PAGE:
- Prolonged Use of Dalbavancin in Bone and Joint Infections
Click here for the previous edition of Journal Club. For a review of other recent research in the infectious diseases literature, see “In the Literature,” by Stanley Deresinski, MD, FIDSA, in each issue of Clinical Infectious Diseases.
Reviewed by Zeina A. Kanafani, MD, MS, FIDSA
The treatment of bone and joint infections requires prolonged duration of antibiotic treatment, particularly in the setting of prosthetic joint infection. Adherence to a prolonged oral antibiotic regimen is often challenging and is proven to be a predictor of clinical response. Dalbavancin is a long-acting lipoglycopeptide that can be administered once weekly or biweekly for the treatment of skin and soft tissue infections caused by susceptible as well as resistant staphylococci.
In this retrospective study published in Antimicrobial Agents and Chemotherapy, the investigators evaluated the safety and efficacy of dalbavancin in the treatment of bone and joint infections. The analysis included 64 patients. Staphylococcus epidermidis was the most commonly-isolated organism (46.9 percent) followed by Staphylococcus aureus (21.9 percent), predominantly methicillin-resistant. Dalbavancin was given most commonly in order to simplify therapy (53.1 percent), because of adverse effects of previous antibiotics (25 percent), or because of treatment failure with prior therapy (21.9 percent). Most patients received dalbavancin at 1 gr intravenously followed by 500 mg once weekly for a range of three to seven doses.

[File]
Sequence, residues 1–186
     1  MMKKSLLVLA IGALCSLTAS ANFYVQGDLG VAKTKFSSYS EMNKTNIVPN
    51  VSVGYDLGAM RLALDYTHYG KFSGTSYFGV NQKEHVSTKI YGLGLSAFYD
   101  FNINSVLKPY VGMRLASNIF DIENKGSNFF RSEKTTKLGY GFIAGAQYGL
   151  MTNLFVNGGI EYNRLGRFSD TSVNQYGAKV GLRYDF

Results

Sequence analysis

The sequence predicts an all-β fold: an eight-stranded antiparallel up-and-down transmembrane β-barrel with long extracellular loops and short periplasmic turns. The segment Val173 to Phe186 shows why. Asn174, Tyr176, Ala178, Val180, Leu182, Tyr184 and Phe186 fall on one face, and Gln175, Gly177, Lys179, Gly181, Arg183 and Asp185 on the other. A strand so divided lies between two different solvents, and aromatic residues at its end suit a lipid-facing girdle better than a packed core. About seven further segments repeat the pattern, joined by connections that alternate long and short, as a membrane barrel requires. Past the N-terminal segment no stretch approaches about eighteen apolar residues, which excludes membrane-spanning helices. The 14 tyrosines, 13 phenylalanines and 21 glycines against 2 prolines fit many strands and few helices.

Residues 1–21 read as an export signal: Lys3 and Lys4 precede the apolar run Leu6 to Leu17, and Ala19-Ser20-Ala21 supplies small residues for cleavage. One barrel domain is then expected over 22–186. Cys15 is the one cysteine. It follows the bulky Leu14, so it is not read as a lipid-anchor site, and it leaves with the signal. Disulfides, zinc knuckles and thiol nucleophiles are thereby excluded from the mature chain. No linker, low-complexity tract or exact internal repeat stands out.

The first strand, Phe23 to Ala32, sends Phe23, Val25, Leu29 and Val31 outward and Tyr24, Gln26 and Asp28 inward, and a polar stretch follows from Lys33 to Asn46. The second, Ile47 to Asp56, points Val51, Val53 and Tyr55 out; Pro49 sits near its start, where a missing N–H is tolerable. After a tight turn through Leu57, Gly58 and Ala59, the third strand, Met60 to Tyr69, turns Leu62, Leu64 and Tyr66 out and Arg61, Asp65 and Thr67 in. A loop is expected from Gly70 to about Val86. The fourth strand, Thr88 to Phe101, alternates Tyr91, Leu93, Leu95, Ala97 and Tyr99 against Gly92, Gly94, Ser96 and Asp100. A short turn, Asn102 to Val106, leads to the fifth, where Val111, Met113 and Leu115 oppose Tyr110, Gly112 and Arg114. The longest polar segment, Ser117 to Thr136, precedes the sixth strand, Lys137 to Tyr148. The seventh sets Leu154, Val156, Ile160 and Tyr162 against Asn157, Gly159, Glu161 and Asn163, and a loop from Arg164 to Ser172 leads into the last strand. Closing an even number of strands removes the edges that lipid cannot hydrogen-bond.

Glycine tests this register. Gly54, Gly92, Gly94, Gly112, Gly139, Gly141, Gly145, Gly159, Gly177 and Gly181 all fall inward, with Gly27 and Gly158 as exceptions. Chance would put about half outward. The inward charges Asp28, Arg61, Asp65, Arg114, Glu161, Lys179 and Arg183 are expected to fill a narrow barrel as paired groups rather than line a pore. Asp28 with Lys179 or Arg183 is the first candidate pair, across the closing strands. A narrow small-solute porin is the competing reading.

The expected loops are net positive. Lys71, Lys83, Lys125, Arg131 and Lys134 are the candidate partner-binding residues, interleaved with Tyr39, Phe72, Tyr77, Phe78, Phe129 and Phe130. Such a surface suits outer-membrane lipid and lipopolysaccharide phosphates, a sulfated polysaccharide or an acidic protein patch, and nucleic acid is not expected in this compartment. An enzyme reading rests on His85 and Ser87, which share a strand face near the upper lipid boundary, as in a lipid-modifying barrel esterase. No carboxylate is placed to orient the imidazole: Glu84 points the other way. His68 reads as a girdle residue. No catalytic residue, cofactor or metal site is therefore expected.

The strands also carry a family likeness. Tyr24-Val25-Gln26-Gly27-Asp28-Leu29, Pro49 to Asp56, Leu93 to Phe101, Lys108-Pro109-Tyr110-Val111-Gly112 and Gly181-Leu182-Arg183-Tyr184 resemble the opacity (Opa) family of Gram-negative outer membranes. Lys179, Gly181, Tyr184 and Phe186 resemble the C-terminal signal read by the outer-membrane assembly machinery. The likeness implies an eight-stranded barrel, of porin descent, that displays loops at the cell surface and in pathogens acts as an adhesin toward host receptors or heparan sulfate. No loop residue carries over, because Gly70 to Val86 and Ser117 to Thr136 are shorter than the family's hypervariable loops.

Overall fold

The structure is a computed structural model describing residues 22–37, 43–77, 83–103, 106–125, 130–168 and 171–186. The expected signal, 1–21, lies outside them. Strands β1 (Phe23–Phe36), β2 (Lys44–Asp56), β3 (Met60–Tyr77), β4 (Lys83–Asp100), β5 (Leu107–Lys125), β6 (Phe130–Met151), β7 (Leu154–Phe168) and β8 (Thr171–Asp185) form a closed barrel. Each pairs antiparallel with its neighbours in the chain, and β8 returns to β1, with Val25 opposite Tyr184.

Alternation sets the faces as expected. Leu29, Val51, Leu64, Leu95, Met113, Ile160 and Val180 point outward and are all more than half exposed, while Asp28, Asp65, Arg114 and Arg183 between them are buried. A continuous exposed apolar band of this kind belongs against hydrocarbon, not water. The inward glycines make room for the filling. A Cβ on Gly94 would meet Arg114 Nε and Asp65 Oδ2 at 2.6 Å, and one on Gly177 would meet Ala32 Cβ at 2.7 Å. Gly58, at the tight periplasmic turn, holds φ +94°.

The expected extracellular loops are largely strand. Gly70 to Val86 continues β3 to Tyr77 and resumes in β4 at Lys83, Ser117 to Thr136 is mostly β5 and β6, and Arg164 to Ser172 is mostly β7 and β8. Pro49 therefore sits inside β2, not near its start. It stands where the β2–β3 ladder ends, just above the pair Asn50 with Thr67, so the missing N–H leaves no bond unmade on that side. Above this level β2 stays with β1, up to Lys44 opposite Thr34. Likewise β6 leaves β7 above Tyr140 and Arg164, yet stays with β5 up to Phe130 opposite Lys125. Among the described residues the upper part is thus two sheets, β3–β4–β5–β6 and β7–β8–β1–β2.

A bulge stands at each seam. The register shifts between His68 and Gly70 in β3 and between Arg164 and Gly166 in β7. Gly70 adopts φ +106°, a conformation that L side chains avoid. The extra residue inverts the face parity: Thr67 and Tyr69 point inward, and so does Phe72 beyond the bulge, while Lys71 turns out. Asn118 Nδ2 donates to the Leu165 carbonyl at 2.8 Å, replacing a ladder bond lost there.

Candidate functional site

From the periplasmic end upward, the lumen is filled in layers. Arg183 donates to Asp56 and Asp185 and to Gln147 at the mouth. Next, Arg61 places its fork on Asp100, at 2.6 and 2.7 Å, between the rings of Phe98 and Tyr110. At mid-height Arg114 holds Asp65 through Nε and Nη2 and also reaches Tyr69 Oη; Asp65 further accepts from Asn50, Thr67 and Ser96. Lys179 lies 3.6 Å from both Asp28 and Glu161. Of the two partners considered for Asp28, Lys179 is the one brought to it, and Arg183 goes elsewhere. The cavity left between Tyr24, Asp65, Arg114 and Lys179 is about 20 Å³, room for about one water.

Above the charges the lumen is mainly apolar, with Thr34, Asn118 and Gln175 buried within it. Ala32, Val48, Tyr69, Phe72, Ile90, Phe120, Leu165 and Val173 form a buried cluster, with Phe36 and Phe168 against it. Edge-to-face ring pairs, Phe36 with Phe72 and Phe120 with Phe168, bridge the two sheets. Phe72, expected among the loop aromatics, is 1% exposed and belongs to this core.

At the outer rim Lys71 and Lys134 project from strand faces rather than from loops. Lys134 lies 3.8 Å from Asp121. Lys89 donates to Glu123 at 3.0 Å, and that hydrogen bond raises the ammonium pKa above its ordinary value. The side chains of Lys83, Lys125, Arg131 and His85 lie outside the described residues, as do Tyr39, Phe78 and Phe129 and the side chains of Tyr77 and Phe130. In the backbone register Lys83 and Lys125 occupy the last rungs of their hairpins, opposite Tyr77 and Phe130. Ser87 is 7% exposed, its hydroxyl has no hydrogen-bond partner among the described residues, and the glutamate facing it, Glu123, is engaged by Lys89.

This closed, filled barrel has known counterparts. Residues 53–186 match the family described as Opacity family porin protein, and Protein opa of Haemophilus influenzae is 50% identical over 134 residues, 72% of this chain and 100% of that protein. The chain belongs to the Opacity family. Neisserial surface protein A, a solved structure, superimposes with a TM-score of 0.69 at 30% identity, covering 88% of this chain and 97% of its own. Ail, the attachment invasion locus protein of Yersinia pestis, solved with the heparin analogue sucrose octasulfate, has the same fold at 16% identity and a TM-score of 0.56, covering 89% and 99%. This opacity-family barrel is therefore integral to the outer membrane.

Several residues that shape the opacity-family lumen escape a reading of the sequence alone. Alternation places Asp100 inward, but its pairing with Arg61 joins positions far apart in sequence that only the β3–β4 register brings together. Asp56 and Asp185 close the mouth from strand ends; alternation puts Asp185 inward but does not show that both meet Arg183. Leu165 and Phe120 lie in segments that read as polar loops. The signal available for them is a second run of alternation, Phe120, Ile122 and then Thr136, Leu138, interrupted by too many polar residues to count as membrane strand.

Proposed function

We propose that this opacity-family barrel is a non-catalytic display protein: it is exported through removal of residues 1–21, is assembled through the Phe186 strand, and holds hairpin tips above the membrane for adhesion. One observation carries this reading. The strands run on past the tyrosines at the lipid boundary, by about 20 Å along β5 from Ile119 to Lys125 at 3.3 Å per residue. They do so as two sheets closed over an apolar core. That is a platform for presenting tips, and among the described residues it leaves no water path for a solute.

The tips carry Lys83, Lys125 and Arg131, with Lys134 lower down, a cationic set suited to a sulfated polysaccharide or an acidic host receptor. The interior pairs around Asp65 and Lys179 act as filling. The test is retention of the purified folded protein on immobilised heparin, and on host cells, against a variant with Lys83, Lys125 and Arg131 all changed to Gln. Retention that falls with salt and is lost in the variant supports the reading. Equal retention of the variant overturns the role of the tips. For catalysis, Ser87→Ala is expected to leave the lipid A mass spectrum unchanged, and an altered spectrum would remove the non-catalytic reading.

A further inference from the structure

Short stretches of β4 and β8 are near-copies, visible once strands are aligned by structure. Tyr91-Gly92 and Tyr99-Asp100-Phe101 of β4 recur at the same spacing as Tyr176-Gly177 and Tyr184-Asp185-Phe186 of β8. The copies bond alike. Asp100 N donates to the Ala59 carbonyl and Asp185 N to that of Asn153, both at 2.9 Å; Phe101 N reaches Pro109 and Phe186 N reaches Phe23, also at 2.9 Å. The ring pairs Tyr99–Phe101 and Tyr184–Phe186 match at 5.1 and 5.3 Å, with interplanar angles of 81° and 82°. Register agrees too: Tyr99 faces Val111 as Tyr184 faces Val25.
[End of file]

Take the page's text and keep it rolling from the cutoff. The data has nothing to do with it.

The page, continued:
Infection was related to an orthopedic implant in 45 cases. The implant was retained in 23 cases with a success rate of 65.2 percent and was removed in 21 cases with a success rate of 76.2 percent. The clinical cure rate was 73.7 percent among patients without implants. A total of seven adverse events were recorded, none of which resulted in discontinuation of dalbavancin.
The authors concluded that dalbavancin administered at two or more doses is safe and effective in the treatment of bone and joint infections. Prospective studies are needed to confirm these findings.
For a review of other recent research in the infectious diseases literature, see “In the Literature,” by Stanley Deresinski, MD, FIDSA, in each issue of Clinical Infectious Diseases: